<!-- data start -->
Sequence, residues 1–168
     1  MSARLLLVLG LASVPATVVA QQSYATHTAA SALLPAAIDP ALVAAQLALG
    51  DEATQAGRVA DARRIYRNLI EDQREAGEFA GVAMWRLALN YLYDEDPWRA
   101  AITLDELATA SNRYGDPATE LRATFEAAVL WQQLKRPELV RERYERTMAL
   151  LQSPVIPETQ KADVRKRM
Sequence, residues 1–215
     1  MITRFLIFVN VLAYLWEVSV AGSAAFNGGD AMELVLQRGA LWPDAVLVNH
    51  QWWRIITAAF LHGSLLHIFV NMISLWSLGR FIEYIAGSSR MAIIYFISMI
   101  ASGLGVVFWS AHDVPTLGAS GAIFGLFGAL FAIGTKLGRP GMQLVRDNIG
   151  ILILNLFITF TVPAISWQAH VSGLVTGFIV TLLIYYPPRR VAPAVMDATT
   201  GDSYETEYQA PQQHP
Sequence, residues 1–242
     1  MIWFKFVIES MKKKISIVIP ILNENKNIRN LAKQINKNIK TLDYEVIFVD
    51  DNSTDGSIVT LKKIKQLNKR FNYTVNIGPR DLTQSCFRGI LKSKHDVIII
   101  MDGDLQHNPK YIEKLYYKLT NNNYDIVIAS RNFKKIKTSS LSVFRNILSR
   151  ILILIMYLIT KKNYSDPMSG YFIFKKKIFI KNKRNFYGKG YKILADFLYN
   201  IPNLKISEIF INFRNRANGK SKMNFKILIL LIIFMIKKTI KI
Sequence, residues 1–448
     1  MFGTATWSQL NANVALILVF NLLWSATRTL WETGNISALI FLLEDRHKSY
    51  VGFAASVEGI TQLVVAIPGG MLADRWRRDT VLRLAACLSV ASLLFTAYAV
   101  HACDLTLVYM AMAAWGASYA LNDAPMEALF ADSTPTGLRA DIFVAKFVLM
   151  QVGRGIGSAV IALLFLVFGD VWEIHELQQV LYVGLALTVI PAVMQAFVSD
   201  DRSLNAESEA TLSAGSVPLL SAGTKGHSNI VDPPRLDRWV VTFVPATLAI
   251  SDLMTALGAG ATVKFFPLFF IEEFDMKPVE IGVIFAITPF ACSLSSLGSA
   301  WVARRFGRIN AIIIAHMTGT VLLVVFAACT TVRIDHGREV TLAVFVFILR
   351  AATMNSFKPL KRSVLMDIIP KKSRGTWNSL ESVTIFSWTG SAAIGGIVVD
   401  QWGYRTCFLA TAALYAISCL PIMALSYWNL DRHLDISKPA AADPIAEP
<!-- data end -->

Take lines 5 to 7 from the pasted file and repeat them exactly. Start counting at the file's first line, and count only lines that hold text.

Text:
   151  LQSPVIPETQ KADVRKRM
Sequence, residues 1–215
     1  MITRFLIFVN VLAYLWEVSV AGSAAFNGGD AMELVLQRGA LWPDAVLVNH